Timothy Leary’s Dead

Timothy Leary:

Because of my friendship with Mike Darwin, who knew most of the odd characters in California, I became Timothy Leary’s doctor in the mid-90s. Leary had developed prostate cancer and, in typical fashion, had ignored it. Then it because metastatic and the end of his life loomed. At this point, Leary opted for cryopreservation as a potential for a future life if and when the technology might be invented to restore him.

Leary needed a “doctor” to deal with him and he couldn’t get along with any of those that stepped up in California. So he agreed to meet me after Darwin described me to him. He sent me a plane fare and I flew out there. Darwin picked me up and drove me to Leary’s Hollywood home, on a hill overlooking LA.

Leary and I connected immediately and became friends. We talked for hours about the 60s and his (and my) life. I kept tabs on him, insured he got what he needed and ultimately arranged for home hospice at his place, and decorated with tons of 60s psychedelic memorabilia.

Timothy Leary died at 12:15 AM on 5/31/96

Mentioning Tim to younger people is usually greeted with blank looks. I wonder if that means I am getting old or they are remiss in their history lessons. As one of the most unique characters out of the pot boiling 60’s, he certainly was a tough act to follow. I am not sure celebrity is the right word to describe Tim; indeed, I’ m not sure words are appropriate. History usually measures intriguing people in terms of inimitability. Tim was one of a kind. He ran his life exactly as he wanted to, never paid the slightest attention to convention……..and got away with it. Possibly the last of the free spirit-hippy lifestyle, straight from 1968. The rest of them are either dead or mad.

There are those who vilify him, suggesting that he had consistently ordered his life in the short term, reaping quick benefits from facile slogans and bite-sized concepts, one of the world’s greatest opportunists, always looking for a new angle, never interested in the idea of making investments to reap future dividends. Worse, he may have been a progenitor of the perception that mind bending drugs unlock and define the person, a concept that killed off almost all who tried it in earnest during his era. Most of these criticisms are probably true. Yet, he always seemed to me to have a love and respect for people….he just never grew out of the 60’s.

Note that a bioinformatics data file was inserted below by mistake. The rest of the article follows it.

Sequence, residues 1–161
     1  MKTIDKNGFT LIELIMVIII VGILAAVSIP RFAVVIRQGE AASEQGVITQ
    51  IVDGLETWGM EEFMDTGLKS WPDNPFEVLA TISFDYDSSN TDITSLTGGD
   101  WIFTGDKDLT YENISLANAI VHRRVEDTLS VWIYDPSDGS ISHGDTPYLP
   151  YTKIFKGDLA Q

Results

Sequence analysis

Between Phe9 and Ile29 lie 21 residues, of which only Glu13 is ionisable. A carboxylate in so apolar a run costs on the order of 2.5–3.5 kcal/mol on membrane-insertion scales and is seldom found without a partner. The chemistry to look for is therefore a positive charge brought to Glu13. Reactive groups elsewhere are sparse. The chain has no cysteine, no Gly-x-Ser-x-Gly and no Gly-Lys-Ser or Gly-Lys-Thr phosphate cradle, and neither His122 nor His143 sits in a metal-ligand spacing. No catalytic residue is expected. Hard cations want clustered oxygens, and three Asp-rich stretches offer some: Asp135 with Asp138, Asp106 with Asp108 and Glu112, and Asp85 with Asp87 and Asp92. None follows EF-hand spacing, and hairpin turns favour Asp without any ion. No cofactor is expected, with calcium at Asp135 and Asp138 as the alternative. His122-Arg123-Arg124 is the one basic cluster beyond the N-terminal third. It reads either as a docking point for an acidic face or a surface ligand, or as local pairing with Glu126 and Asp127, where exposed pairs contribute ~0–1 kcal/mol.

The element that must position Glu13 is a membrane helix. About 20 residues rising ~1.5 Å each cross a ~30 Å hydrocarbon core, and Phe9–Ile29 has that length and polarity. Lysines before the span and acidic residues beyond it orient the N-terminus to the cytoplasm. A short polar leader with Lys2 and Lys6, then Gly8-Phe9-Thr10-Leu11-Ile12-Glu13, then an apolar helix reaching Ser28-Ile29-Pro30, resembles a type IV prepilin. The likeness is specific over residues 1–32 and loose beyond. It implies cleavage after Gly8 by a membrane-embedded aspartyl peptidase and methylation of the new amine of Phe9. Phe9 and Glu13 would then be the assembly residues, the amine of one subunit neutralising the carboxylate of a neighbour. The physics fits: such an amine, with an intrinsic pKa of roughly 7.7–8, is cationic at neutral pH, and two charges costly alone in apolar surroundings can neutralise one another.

His personal magnetism attracted a diverse crew of followers and hangers-on who gathered around him continuously. His home was cluttered 24 hours a day with all sorts of gypsies who pretty much came and went as they pleased. His walls adorned with psychedelic posters, Volkswagen doors painted with iridescent flowers; his library full of books signed for him by the likes of William Burroughs, Aldous Huxley, Ken Kesey and memos from the FBI wondering in print how to get rid of him. Life was one great, long stream of consciousness bash, he once called me at 3 am just to talk about the 60’s. Seemed like the thing to do at the time.

His prostate cancer was probably already inoperable when his entourage finally dragged him to a doctor. From that point on he never kept any appointments for any meaningful treatment……too busy having a field day with the media, his favorite sport. Pulling their strings over speculation of how his end could be as bizarre as his life. When the pain began, he called me with concern that the sport wasn’t fun anymore and could something be done to get him back in the game. He really had no physician following him and so I arranged hospice by phone from Pittsburgh…. easier than I thought and I remain impressed with the California Hospice System.

Once effective palliative measures were instituted, relieving his pain but sparing his intellect, the games continued in full swing. Having his brain frozen for possible data uploading by some future computer not yet invented, Hari-Kari on the Internet, his final moments televised on TV during a wild party celebrating the event. Dying was just about the best thing that ever happened to Timothy Leary. He called it his “de-animation celebration” and hyped it far and wide with a big grin.

Tim did not have a great big de-animation bash at the end. There were no media cameras, no fanfares…. just the usual crew hanging around waiting to see if he levitated or glowed in the dark. He didn’t. In the end, he simply quit breathing in his sleep just like the thousands of other nameless faces around the universe that chose to follow him at that exact instant. Even with the maximum media hype possible Tim was not able to turn death into any other than the inevitable drab stillness. I suppose there is a lesson there somewhere.

Even with warts, he was a really cool person and I liked him.

Timothy Leary’s dead

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